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Why Is Conversion to Judaism So Hard?

Why Is Conversion to Judaism So Hard?


Note: This article replaces a previous article that said much the same, but in a way that was often misunderstood. I hope this version will be much clearer to all.


Why do the rabbis make conversion to Judaism so hard? There are many Jews who don’t keep anything Jewish, yet the rabbis demand full observance to become a Jew. Is that fair?


You have a very good point. Religion, after all, is all about belief. If you believe, you’re in; if not, you’re out. So why can’t anyone who believes in the Jewish religion be considered Jewish? And why are those who don’t believe and don’t keep any of the Jewish practices still considered Jews?

That’s what happens when you view the Jewish people through another people’s lexicon—it all looks very puzzling. What, though, if we look at ourselves through our own language, through the original Hebrew?

Religion versus Covenant

We’ll start with this word religion. Is Judaism a religion? Is that the right word?

Religions generally start when one teacher spreads his teachings to many disciples. The people who accept these teachings are considered coreligionists. Their common beliefs hold them together as a community.

Moses didn’t preach a religion to individuals. He was more of a populist—a civil-rights leader who stood for empowerment of the people. He took his own people, who already had a common heritage, along with many who had decided to join that people, and brought them to Mount Sinai. There he brokered a covenant between a nation and G‑d. G‑d said, “I choose this nation to be my messengers of Torah light to the world.” The nation, in turn, chose G‑d, saying, “Whatever G‑d says, we will do and we will obey.”

The Jewish people, then, are best described as the “People of the Covenant”—meaning that they are a people because of a covenant. In Hebrew, a covenant is a brit—in this case, not a brit between two individuals, or even between an individual and G‑d (as Abraham had made), but a brit between an entire nation and G‑d.

So let’s replace religion with brit and see what happens.

In a religion, you belong because you believe. In Judaism, you believe because you belong.

The brit, as I wrote, is what defines us as a nation—not geographic vicinity, language, government or culture. Even if we live in different countries, speak different languages, establish different leaders and eat different foods, that covenant still bonds us. Most significantly: even if we stop keeping our obligations under that covenant or decide not to believe in it, the covenant endures. A covenant, you see, is a two-way deal. It takes two to make it and two to break it. Just because the people have let go, doesn’t mean G‑d has. That’s why it’s called an “eternal covenant”—because even if the people may be fickle, G‑d doesn’t change His mind.

So there’s the difference: In a religion, you belong because you believe. In a brit (in this case, Judaism), you believe because you belong.

Believing is part of the brit. So are all the other mitzvot—obligations—of the covenant. It doesn’t matter whether you believe in that covenant or those obligations, or believe that G‑d obligated you, or believe in G‑d at all. You can’t fight with history. You are part of this people by virtue of having been born into it, and that’s who this people are and what this people do. A deal is a deal.

Conversion versus Giyur

Let’s look at another word—conversion—and things will become even clearer.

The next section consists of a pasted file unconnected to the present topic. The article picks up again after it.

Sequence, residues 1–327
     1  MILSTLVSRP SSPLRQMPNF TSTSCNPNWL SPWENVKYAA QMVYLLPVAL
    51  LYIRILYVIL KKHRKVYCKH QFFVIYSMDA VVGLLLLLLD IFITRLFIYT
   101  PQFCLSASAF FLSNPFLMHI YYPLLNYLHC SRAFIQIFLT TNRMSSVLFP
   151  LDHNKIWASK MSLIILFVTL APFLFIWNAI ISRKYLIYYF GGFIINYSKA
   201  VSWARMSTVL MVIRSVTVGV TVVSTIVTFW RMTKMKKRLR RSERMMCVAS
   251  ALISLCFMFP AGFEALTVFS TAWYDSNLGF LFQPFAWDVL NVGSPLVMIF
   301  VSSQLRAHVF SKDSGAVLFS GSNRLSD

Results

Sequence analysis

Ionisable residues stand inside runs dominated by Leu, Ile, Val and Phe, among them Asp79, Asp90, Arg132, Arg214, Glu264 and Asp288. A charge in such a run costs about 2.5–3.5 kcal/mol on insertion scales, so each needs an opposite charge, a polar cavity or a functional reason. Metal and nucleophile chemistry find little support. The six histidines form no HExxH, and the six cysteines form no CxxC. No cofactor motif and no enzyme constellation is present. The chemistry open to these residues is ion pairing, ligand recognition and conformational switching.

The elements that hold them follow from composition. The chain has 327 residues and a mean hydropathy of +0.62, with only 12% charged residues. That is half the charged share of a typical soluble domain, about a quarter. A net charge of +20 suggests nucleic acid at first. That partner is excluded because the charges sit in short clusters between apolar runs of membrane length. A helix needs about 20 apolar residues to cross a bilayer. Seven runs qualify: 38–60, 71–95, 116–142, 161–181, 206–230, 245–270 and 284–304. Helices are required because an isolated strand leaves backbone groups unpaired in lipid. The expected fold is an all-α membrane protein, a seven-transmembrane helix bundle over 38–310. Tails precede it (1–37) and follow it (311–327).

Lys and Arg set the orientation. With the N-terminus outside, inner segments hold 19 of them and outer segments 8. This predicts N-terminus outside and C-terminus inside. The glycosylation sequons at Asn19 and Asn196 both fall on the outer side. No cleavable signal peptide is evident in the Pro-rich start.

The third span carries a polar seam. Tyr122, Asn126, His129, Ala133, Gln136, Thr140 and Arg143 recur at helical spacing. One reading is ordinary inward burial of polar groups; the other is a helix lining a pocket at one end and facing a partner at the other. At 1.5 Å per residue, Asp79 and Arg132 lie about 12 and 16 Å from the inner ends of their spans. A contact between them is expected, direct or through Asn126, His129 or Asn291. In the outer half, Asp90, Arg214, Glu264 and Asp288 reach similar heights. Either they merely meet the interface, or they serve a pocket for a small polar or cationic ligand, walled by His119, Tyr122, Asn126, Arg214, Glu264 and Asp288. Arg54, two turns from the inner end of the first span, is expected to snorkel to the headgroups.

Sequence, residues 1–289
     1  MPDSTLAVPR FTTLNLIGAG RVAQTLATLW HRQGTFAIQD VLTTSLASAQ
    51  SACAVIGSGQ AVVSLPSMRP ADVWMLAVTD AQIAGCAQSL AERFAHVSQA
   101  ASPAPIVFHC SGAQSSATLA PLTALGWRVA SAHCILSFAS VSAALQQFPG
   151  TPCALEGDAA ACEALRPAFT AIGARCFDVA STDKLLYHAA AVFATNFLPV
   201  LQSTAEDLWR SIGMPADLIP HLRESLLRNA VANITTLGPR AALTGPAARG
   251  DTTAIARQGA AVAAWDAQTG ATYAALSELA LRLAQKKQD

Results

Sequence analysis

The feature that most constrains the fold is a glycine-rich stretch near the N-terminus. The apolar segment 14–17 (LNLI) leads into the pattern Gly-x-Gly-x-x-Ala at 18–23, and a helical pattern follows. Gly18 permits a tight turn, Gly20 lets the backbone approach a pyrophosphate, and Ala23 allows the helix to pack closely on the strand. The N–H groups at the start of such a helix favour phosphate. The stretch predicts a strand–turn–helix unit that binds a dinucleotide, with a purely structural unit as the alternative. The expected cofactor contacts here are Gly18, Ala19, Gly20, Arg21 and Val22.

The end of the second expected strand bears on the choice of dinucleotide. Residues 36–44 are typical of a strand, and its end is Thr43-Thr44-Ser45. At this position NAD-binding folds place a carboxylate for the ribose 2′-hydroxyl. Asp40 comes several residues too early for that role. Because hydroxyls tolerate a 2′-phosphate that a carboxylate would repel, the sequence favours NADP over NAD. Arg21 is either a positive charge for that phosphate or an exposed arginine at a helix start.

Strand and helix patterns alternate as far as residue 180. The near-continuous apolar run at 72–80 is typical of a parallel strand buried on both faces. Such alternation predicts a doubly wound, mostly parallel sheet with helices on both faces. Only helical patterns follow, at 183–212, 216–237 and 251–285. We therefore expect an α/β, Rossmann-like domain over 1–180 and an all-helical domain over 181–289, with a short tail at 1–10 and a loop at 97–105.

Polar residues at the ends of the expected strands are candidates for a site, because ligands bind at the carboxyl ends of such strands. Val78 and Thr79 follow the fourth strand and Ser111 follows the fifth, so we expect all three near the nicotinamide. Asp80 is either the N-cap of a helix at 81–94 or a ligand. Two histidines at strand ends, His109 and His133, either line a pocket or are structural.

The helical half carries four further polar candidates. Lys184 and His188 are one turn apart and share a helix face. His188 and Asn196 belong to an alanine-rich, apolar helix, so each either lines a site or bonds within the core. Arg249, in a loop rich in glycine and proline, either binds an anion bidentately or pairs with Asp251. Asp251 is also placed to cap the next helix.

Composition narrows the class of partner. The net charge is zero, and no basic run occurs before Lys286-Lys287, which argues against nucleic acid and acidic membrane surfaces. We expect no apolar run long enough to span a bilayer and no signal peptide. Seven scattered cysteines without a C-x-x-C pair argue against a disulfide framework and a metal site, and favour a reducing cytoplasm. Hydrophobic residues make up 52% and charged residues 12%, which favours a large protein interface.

Let’s say you weren’t born into the Jewish people. Let’s say you decide you want to enter into the same covenant as every other Jew. If this were a religion, no problem—you would just accept upon yourself whatever beliefs and rites are expected of you, and you’re in. That’s what people generally mean when they talk about conversion.

But this is a brit. To enter into G‑d’s covenant with the Jewish people, believing and doing is not enough. You need to become part of that people. How do you do that?

In this way, becoming Jewish is very much like becoming an American, a Moldavian or a Zimbabwean citizen. You can’t come to a country and declare yourself a member. It’s a two-way street: aside from you choosing your country, the government of that country has to decide to accept you.

Similarly, if you choose Judaism, you also need Judaism to choose you. Like we said, a covenant is a two-way deal.

So you need to become a ger (pronounced “gehr”). A ger is more than a convert. A ger literally means someone who has come to live among a people to which he or she was not born. A naturalized alien. That’s how the ger is described in Torah, and how the process of becoming a ger is described in the Talmud: “A ger who comes to sojourn among us.”

By joining this people, the ger instantly becomes part of the same covenant to which the people are part. And although the most essential part of joining this people is to accept the same obligations of the covenant in which they are obligated, it is not by force of his or her acceptance that the ger is obligated. Proof is, if the ger later has a change of mind, it helps zilch. The ger is obligated no matter what, because he or she has now also become “a child of the covenant.”

That’s one difference between this citizenship and citizenship of a modern country: You could always renounce your citizenship of a country. A Jew, however, is a member of an eternal covenant. Once in, there’s no way out.

The details of joining

In short, a ger is an adopted member of the Jewish family. In the words of the paradigm of all gerim, Ruth the Moabite, “Your people are my people; your G‑d is my G‑d.”

The rituals of that adoption are the same as what the Jewish people went through at Sinai: circumcision for males, immersion in a mikvah (ritual bath), and acceptance of all Torah obligations. The crucial element, however, is that all of these are to be supervised by a tribunal of learned, observant Jews—representing none other than G‑d Himself. Their job is not only to witness that the ger was properly circumcised and fully immersed in the mikvah, but also to ensure that the ger is duly cognizant of the obligations of the covenant into which he or she is entering.